U.S. Rep. Helen Chenoweth is hanging on to a slim 7-point lead over challenger Dan Williams, according to a new poll commissioned by The Idaho Spokesman-Review.
But 36 percent of Idahoans still haven’t heard of Democrat Williams, said pollster Del Ali of Mason-Dixon Political/Media Research. If voters hear more about Williams between now and the election and they like what they hear, “he could pull it off.”
The poll, conducted last Thursday through Saturday by telephone, was done for the newspaper, KTVB-TV of Boise and KHQ-TV of Spokane. It queried 404 likely voters in the 1st Congressional District and has a margin of error of plus or minus 5 percent.
Forty-two percent of those polled said they favor the Republican incumbent, while 35 percent picked Williams. That’s about the same split as a similar poll found in May.
But that leaves 23 percent undecided. Ali said undecided voters tend to vote for the challenger. That could be exaggerated in this race because nearly as many Idahoans have unfavorable views of Chenoweth as favorable views and because an incumbent with less than 50 percent support is considered vulnerable.
If the numbers remain the same until the election, Ali said he would expect at least seven of every 10 undecided voters to vote for Williams.
Chenoweth’s ratings were 40 percent favorable, 36 percent unfavorable and 23 percent neutral.
Williams drew 19 percent favorable ratings, 14 percent unfavorable and 31 percent neutral, with 36 percent not recognizing his name.
Khris Bershers, Chenoweth’s spokeswoman, said the poll brings her campaign good news: “The big-labor money that’s been pouring into this state in the form of negative advertising has not had the intended effect. Helen’s still ahead.”
The AFL-CIO has run TV ads statewide targeting Chenoweth for her votes on Medicare and employee pension plans.
Bershers also said she believes once Idahoans hear more about Williams’ stands on issues, they’ll like him less. And she discounted the impact of Chenoweth’s announcement this week - after the polling was completed - that she had failed to disclose a $50,000 loan from a former client on her congressional financial forms.
The lapse could bring Chenoweth ethics charges or even prosecution.
“Frankly, we’ve found that most voters in the state of Idaho are more concerned about education and Medicare and crime control than they are about a bunch of financial reports,” Bershers said.
“That’s what we get asked about: taxes, balancing the budget, and those three issues.”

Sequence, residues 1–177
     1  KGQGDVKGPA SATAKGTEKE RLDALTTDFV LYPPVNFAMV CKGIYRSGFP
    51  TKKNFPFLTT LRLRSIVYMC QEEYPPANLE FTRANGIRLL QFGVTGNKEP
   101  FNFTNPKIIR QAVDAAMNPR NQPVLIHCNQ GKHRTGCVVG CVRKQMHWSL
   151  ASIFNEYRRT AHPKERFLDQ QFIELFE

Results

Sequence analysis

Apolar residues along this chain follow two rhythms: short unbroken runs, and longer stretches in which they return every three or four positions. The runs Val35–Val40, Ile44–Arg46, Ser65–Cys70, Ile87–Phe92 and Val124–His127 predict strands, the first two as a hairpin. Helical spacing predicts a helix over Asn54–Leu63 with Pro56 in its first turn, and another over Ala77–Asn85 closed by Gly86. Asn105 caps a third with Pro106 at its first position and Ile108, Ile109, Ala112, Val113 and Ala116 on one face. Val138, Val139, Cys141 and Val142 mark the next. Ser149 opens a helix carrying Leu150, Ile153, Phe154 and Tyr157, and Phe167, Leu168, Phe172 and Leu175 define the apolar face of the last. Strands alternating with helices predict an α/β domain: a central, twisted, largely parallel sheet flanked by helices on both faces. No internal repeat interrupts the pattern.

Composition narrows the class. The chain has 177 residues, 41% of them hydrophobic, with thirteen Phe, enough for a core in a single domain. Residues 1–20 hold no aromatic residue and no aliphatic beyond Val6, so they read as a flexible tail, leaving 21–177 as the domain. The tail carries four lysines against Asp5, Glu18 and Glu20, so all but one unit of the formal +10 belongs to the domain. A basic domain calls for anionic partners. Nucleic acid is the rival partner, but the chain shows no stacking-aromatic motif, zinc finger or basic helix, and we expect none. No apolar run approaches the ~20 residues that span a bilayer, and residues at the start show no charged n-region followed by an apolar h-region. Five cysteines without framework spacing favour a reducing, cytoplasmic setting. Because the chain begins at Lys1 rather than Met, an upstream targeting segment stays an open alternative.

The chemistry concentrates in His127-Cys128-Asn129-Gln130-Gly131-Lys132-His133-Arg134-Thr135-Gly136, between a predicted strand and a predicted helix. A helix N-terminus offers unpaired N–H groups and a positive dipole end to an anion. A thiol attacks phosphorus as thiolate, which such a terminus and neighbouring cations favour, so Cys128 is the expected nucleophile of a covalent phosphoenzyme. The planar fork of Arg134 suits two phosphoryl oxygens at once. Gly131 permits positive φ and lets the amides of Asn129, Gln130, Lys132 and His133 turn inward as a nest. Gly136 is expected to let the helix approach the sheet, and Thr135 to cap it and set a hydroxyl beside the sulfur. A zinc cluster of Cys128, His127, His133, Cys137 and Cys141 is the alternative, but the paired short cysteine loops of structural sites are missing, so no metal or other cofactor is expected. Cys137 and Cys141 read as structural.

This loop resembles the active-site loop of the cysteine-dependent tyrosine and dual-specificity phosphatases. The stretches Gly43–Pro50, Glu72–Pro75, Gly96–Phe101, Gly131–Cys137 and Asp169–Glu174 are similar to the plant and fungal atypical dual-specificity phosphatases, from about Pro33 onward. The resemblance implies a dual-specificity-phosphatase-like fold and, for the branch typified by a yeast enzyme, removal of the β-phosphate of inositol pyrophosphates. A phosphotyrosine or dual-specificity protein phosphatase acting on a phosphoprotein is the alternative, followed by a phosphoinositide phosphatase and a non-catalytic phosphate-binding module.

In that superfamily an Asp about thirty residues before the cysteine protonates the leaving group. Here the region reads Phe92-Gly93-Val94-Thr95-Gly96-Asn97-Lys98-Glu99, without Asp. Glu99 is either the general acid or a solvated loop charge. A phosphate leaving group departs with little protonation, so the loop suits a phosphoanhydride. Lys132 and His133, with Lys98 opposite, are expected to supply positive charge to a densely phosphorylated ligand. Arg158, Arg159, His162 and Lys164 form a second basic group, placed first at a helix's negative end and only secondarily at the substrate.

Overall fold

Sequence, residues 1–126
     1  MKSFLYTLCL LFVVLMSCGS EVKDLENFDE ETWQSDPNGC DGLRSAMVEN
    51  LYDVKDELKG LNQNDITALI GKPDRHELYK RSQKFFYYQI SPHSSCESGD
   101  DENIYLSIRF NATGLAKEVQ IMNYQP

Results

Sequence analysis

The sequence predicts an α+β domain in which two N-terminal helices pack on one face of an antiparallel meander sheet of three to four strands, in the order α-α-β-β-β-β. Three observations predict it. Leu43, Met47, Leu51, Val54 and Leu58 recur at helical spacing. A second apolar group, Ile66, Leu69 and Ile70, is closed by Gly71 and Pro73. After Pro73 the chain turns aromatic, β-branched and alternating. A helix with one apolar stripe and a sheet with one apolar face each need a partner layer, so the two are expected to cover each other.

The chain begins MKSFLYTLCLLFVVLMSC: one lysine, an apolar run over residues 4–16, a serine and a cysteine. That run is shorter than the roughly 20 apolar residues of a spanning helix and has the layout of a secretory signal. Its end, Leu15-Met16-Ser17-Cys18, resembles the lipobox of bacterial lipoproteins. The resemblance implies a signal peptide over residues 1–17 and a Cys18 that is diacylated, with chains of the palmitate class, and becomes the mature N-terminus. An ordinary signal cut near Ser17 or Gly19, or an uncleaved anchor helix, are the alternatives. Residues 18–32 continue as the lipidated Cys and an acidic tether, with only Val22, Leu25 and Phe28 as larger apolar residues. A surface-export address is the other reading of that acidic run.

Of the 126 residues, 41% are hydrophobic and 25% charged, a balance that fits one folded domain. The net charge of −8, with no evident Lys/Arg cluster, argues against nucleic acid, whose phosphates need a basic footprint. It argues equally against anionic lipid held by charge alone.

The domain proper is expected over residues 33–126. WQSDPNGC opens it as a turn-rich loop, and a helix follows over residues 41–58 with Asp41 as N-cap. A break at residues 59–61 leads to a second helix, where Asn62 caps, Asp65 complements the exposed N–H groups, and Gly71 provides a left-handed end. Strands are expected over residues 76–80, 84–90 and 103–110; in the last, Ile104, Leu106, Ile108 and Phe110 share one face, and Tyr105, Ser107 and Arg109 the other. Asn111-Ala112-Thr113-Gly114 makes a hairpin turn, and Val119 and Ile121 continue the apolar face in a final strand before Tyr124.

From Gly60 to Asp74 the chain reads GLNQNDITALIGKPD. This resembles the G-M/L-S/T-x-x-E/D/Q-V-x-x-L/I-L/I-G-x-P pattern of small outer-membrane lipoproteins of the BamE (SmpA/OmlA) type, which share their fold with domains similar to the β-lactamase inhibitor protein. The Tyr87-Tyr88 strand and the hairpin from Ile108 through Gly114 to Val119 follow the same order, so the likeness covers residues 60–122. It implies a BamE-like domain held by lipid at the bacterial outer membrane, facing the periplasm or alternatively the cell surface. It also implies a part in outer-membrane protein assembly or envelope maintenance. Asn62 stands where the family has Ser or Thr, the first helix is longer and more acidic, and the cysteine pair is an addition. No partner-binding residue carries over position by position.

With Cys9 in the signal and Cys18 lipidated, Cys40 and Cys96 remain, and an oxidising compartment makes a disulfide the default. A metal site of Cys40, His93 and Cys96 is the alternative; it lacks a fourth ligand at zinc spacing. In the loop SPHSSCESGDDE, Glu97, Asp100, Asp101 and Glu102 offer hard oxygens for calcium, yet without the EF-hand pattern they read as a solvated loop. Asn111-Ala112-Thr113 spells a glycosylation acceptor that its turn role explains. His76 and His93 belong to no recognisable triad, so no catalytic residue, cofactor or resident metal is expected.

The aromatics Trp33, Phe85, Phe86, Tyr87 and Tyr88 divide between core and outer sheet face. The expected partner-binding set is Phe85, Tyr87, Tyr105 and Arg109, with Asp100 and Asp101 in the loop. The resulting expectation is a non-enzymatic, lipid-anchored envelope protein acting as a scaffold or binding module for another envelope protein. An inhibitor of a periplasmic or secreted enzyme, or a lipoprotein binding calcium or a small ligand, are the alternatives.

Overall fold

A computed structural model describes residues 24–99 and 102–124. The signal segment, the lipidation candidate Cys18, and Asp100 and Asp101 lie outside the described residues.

Williams listed his priorities as “investing in education, protecting Medicare, balancing the budget by spreading the sacrifice, and bringing a reasonable voice to natural resource and environmental issues.”
Once people hear his views, he said, “They’re going to find that they’d rather have someone like Dan Williams who’s a Democrat in the tradition of Cecil Andrus, instead of someone like Helen Chenoweth who simply goes too far for a lot of Republicans.”
Williams said the poll, given its margin of error, shows him nearly even with Chenoweth. “If someone would’ve told me that even before we started our television and radio advertising, that we’d be neck and neck with someone who is known by 99 percent of the electorate, I would’ve said ‘you’re crazy.’
“But the fact is that we are roughly even with her even before very many people know who I am.”
The poll found significant differences between men and women on this race. Among men, Chenoweth has 47 percent support to Williams’ 32 percent. Among women, Williams was ahead, 38-37 with 25 percent undecided.
In other poll results:
U.S. Rep. Mike Crapo drew 73 percent support in the 2nd Congressional District, compared with Democratic challenger John Seidl’s 13 percent.
Crapo’s ratings were 63 percent favorable, 9 percent unfavorable, and 26 percent neutral, while 55 percent hadn’t heard of Seidl.
“Frankly, it doesn’t matter if everybody knows him, he’s got no chance against Crapo,” Ali said. “Here you have a very popular incumbent. People like Mike Crapo.”
Asked to rate Sen. Dirk Kempthorne’s job performance, 54 percent of voters polled statewide gave the first-term Republican a rating of “excellent” or “good.” That’s down somewhat from Kempthorne’s 60 percent in May, but up from 42 percent in February 1994.
The margin of error in the statewide poll was plus or minus 3.5 percent.
Kempthorne falls short of Sen. Larry Craig’s 64 percent “excellent” or “good,” but Kempthorne also hasn’t been campaigning because his term runs until 1998.
, DataTimes ILLUSTRATION: Graphic: Chenoweth faces a strong challenge
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